1744 - 17905,1

Ivory turner4

Life History


Born in St Martin in the Fields

20th Jan 1744/5

Baptised in St George, Bloomsbury.1

s/o John and Ann

5th Sep 1759

Apprenticed in London.2

Kingsman, William, son of John, St Martin in the Fields, Middlesex, coachmaker, to William Limby, 5 Sep 1759, Turners' Company for £20.

5th Jun 1764

Beneficiary in Marylebone, Middlesex.3

In the will of Admiral Robert Long

19th Apr 1768

Married Jane HIRD in St Sepulchre.1

William married Jane Hird on the 19th April 1768 at St Sepulchre after Banns.  The witnesses were Robert Frear and William Bannister.  Bannister was obviously a church official as his name appears on several other marriages as witness.

Jun 1769

Birth of son John KINGSMAN in Holborn, Middlesex

Oct 1770

Death of son John KINGSMAN in Holborn, Middlesex

24th Aug 1771

Birth of daughter Elizabeth KINGSMAN in St Sepulchre, London.1


Occupation Ivory turner.4

12th May 1774

Birth of son William KINGSMAN in St Sepulchre, Middlesex.1

3rd Jun 1775

Birth of son James KINGSMAN in St Sepulchre, Middlesex.1

25th Apr 1778

Birth of son John Valentine KINGSMAN in St Sepulchre, London.1

11th Jul 1781

Birth of son Edward KINGSMAN in St Sepulchre, London.1

17th Oct 1786

Birth of daughter Jane KINGSMAN in St Sepulchre, London.1


Death of daughter Jane KINGSMAN in Holborn, Middlesex


Died in Holborn, Middlesex (St Paul Covent Garden).5,1

16th Sep 1790

Buried in Holborn, Middlesex (St Sepulchre).1

Buried in Durham Yard, from St Pauls Covent garden, aged 46 years. NB on page entitled "Subject to Tax"


  • Apprenticeship record for Kingsman, William, son of John, St Martin in the Fields, Middlesex, coachmaker, to William Limby, 5 Sep 1759, Turners' Company for £20.

    William received some financial help during his apprenticeship from an unexpected source.  Admiral Robert Long, the great-uncle of William's cousin, William Long Kingsman, left him £10 a year in 1764 for the remaining term of his apprenticeship "to buy him clothes" as well as £20 when he completed his apprenticeship.  Probably sufficient to set himself up in business.

    This legacy was never paid as such as Robert Long did not die until 1771, after William had completed his apprenticeship, but if the intent was there then perhaps Admiral Long gave it to him direct as a gift while he was still living.

    William was the first in the line of several generations of Ivory turners - some of whom in turn became brass turners and then by natural progression, gas fitters.

  • From the burial records of William and some of his children, they lived in the parish of St Sepulchre, in and around places named as Newcastle Street, Seacoal Lane and Durham Yard.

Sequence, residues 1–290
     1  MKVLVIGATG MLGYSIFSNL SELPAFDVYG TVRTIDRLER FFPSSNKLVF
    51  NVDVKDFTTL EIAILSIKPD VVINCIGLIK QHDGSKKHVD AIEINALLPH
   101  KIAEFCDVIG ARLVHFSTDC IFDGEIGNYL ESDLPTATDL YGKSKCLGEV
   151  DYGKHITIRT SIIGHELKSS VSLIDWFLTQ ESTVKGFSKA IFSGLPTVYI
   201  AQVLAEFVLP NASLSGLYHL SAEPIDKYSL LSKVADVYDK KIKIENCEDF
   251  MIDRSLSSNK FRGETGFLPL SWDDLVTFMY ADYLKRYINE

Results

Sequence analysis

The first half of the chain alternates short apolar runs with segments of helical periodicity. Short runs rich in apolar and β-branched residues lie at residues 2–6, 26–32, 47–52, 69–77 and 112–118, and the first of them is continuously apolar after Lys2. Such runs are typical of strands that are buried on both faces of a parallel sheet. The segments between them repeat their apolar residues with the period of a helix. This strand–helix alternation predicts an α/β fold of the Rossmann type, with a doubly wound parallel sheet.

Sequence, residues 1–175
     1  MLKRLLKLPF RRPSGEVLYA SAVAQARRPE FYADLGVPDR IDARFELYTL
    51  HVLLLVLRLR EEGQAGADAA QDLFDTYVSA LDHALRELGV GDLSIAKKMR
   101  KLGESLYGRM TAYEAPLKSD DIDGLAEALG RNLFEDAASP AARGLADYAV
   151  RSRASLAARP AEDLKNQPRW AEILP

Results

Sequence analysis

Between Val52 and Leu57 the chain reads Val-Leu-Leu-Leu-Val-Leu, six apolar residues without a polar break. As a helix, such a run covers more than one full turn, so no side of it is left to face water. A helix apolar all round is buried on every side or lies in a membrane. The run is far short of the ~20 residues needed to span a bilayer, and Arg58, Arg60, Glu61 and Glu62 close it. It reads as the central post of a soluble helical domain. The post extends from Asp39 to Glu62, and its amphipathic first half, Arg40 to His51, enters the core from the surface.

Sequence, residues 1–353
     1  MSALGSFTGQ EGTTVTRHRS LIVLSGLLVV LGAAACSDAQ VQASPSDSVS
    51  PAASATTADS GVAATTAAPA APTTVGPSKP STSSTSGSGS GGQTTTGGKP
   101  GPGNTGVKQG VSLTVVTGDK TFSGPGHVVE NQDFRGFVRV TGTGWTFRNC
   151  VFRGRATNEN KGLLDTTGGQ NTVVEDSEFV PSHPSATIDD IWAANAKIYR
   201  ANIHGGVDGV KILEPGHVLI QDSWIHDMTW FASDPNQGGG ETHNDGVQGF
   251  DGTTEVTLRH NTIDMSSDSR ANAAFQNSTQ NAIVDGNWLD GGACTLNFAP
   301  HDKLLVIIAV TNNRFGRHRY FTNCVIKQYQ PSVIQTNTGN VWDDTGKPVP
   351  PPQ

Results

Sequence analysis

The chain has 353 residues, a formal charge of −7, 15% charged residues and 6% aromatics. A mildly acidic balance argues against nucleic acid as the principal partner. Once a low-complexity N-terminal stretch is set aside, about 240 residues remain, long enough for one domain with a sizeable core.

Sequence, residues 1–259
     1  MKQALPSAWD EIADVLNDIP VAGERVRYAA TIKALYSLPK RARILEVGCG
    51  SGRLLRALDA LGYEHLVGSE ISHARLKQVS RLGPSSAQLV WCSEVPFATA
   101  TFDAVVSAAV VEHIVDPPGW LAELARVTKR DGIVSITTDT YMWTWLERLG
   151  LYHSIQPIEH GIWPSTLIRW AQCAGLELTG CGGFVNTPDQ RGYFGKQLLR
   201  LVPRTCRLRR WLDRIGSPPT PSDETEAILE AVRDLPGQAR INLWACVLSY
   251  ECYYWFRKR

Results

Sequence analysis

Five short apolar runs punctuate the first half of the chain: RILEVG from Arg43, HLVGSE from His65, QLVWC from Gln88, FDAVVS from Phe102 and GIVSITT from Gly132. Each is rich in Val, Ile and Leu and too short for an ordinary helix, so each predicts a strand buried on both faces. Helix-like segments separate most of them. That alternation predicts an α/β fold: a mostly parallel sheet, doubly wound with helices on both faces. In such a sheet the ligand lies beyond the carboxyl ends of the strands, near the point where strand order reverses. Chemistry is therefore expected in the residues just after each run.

John Strype's Survey of London in 1720 describes this part of Farringdon Ward as:

    "Chich lane, an ordinary Place, both for Buildings and Inhabitants. It comes out of Smithfield by the Sheep Pens, and runneth down to Field lane. In this Lane are several Courts and Alleys: As Newcastle Street, or Durham Yard, pretty open to receive Carts and Coaches; having at the lower end a Yard for Stabling. And at the upper end is a passage into Katherine Wheel Yard, which is none of the best. Blue Boar Court, is ordinary, and ascended up by Steps. Churchyard Alley, but narrow and ordinary. At the upper end is a Churchyard which belongs to St. Sepulchre's Parish."

  • In 1772 William appeared in court at the Old Bailey as a character witness for one Joseph Harrison.  William's short statement was: William Kinsman. "I am an ivory-turner. I have known him about two years; he always bore a good character."

    Harrison and John Mitchell were on trial for "Theft with violence, Highway Robbery" perpetrated on one Mary Wilds aged 16, and also separately for the rape of Mary Wilds on the same occassion.  They were found not guilty of rape, but guilty on the highway robbery charge.  For this theft with violence (of Mary's clothes) they were both sentenced to death.

  • External link to the Old Bailey trial record of Joseph Harrison.[Opens in a new window]

  • In the summer of 1790, 3 of the children of William and Jane's family were admitted to the workhouse in St Sepulchre. It is not obvious whether they were admitted because of poverty in the family or because they were ill and were able to obtain some degree of medical care there.

    In either case, it was only the youngest 3 who were admitted (John Valentine, Edward and Jane) and the register from which this information came was only for those under the age of 14 - the other 3 children were older than this and therefor perhaps not eligible for even this degree of help.

    Whatever the case, Jane, then aged 3 years and 9 months, only stayed for 2 weeks, and the two boys for another one.

    There is a note that says that Jane was then being nursed by her mother.

    It also records that John could read and say his prayers, but Edward could only say his prayers.

    The children were released from the workhouse to their parents, but their abode is recorded as "Not known"

  • William died aged 46 in 1790. His daughter Jane died within a month of him and her burial is recorded on a page in the parish register headed: "Exempted from the tax which commenced Oct the 3rd 1783 being Poor". William's burial, a month earlier, was recorded on the page of those who were subject to this tax.


  • 1. Parish Register
  • 2. London Apprenticeship Abstracts 1442-1850
  • 3. Will of Robert Long 1771
  • 4. Old Bailey Trial record
  • 5. Court Proceedings

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